From Bob LeChevalier, Chairman of the Logical Language Group, the home of Lojban.
On behalf of The Logical Language Group, I wish to express my condolences both to the TLI community, and to his family, upon the death of Dr. James Cooke Brown.
As for myself, I am deeply saddened by Jim Brown’s death, and by the enmity that persisted between us for altogether too long.
I first met Jim Brown in 1979 when we both lived in San Diego, and established a personal friendship with him that lasted even as he moved to Florida and I to Washington DC. I was a largely inactive supporting member of TLI during the next 6 years, but worked with Jim supporting several projects including the work that became known as GMR. I was always impressed by his leadership, his personal charisma, and his commitment to the seemingly quixotic language project he led. (JCB had a statuette of Don Quixote in his working area, and I once remarked to him how he resembled the image of the Don both physically and in his lifetime work.) I was drawn into the project by JCB’s charisma and his friendship, rather than by my inherent interest in artificial languages.
Not all that many Loglanists know of the other sides of Jim Brown, science fiction writer, utopian, political activist, sailor, game inventor (he helped invent other games besides Careers, but none made it to market). In all his activities, he lived life to its fullest and gave his all. I was enriched in having a chance to see some of these other aspects of Jim Brown.
When JCB had his first life-threatening illness in 1986, he asked me to visit him, as one of the few Loglanists who was still working on the project after politics nearly destroyed the community in 1983-4. Jim’s fears of his mortality and the possible collapse of his beloved language project moved me, and I made the personal commitment to him in friendship and respect that I would work to see that his language work continue and thrive regardless of his health and life. Everything I have done since, as a Loglanist, and in starting and leading the effort we originally called “Lojban—A Realization of Loglan”, has been in dedication to fulfilling that personal commitment to JCB, as well as the added commitment to the greater Loglan community that supported my efforts to revive a then languishing project.
Unfortunately, the way I chose to do this, initially undertaken on my own while JCB was away in Europe recovering from his illness while sailing on his boat, caused him to distrust me and my motives. I regretted this distrust and for 6 years continued to offer rapprochement, even while JCB felt compelled as leader of TLI to threaten me and the budding Lojban effort legally. Once the legal issue was settled and the survival of Lojban (and thus Loglan) was assured, I have tried to be circumspect and non-critical as an observer, while you of the TLI community helped Jim Brown rebuild his own efforts. While Jim Brown never forgave me, I would like to think that my actions towards the TLI community have been in keeping with my original commitment to him. Between the two organizations, I believe that Loglan will survive and thrive as a language and as a research project. Let us ensure this, that we work together to ensure that Dr. James Cooke Brown’s legacy—his Language and his Project—prove worthy of the life and love that he gave it over the years as the Father of Loglan. I will be working towards these ends, and offer to Alex and the leadership of TLI, my cooperation in pursuit of this.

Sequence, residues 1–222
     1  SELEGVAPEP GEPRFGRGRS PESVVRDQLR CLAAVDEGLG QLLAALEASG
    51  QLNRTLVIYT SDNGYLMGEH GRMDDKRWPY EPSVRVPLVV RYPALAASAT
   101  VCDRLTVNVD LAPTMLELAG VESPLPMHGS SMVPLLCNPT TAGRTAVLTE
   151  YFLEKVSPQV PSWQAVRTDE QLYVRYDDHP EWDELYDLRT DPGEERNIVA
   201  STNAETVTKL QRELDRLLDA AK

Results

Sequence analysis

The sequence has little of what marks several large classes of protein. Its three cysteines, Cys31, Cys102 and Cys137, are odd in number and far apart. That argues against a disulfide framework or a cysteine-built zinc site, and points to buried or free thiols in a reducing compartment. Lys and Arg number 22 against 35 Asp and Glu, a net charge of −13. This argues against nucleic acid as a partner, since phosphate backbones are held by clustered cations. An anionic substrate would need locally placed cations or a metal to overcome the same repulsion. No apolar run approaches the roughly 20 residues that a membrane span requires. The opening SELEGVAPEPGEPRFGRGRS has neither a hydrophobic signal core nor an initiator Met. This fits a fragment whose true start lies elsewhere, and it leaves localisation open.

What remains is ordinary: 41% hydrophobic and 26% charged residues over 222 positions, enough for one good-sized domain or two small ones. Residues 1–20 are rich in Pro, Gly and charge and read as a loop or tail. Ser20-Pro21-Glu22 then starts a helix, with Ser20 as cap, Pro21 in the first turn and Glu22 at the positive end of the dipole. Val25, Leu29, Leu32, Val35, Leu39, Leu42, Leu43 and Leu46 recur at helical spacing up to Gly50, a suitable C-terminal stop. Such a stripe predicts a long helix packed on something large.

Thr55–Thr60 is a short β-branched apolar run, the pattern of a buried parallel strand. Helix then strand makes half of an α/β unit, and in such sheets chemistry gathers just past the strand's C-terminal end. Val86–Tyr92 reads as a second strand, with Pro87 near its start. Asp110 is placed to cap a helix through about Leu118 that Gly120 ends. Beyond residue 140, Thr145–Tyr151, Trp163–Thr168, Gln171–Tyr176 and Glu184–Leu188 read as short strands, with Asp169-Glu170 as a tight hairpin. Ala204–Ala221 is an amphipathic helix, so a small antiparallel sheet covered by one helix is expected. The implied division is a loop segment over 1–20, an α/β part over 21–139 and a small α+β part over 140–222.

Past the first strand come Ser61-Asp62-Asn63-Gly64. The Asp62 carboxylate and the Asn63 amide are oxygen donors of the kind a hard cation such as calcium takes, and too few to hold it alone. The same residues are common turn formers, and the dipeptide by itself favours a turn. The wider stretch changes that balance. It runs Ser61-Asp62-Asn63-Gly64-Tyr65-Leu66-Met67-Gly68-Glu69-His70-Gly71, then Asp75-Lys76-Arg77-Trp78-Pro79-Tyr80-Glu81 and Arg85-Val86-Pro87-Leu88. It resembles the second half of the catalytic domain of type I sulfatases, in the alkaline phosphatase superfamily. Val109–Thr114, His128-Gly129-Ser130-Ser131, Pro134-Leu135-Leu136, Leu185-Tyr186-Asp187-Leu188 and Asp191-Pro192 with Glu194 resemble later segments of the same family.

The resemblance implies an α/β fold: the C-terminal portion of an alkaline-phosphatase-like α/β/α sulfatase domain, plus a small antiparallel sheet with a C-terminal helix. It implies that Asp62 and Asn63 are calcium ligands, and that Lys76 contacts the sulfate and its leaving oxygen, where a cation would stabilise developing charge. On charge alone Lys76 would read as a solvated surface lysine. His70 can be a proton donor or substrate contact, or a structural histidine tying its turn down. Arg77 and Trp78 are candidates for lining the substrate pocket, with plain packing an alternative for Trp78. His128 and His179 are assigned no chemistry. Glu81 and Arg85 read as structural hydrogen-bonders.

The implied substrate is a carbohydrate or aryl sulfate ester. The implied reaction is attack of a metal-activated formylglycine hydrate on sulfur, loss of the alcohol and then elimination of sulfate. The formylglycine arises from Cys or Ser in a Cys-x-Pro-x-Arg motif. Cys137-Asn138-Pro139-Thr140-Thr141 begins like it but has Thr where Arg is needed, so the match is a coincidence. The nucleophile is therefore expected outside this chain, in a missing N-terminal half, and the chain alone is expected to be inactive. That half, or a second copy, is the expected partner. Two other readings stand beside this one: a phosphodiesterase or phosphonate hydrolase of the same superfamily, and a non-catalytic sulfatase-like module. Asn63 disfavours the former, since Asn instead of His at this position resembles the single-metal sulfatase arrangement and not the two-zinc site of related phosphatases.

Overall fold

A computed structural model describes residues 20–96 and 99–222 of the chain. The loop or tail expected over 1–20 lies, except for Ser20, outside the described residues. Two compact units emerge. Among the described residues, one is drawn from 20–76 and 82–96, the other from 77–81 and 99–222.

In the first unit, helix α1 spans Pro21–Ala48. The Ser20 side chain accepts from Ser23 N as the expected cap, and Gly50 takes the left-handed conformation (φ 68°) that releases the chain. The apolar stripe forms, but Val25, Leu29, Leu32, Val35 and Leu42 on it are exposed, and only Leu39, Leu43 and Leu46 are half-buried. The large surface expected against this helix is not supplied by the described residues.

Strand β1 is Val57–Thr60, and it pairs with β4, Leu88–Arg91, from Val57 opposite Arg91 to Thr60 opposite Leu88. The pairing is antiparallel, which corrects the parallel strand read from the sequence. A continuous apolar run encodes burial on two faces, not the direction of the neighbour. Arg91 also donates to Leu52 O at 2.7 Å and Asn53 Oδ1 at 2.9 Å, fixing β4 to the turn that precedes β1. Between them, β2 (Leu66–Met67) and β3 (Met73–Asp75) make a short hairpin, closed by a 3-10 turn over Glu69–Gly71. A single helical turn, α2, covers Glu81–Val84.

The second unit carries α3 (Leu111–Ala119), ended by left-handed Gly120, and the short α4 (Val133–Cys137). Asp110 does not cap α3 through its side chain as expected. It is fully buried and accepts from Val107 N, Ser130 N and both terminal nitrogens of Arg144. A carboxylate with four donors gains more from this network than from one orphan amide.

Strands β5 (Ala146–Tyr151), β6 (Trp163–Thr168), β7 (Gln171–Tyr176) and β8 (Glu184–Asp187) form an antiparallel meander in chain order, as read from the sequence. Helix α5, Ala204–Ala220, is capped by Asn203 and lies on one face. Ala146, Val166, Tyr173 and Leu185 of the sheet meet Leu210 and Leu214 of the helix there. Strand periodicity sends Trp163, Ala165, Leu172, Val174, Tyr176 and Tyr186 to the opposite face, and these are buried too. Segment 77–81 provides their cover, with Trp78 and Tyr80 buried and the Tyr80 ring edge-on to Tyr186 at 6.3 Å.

mi’e lojbab/Hue Lojbab
From John Clifford. Old issues of The Loglanist are full of Dr. Clifford's contributions, with the by-line of pc (Parks-Clifford). In recent years he has been active in the Lojban community.
The death of JCB is an emotional blow to all of us in the Loglan communities. I hope that, rather than disabling us, it will renew our commitment to bringing his project to a final definitive conclusion.
I extend my condolences to his family and also to his wider “family” of students, followers, and more remotely connected disciples in and out of the communities.
JCB’s passing forces me personally to confront the fact that I never forgave him for his actions in 1984 (as I viewed them) and that, after a rebuffed attempt in the midst of that conflict, I never sought to discuss his view of that situation until last week. In the midst of clearing my office, I came on some material from the early history of Loglan and framed a letter to JCB asking about the disposal of the material and recommending that, if he had not done so already, he write—or get a university oral history program to record—his personal history of the Loglan Project. Now that letter will go unsent and that history is probably lost forever, unfortunately. How sad to lose an opportunity to understand and more so to lose the one to be understood.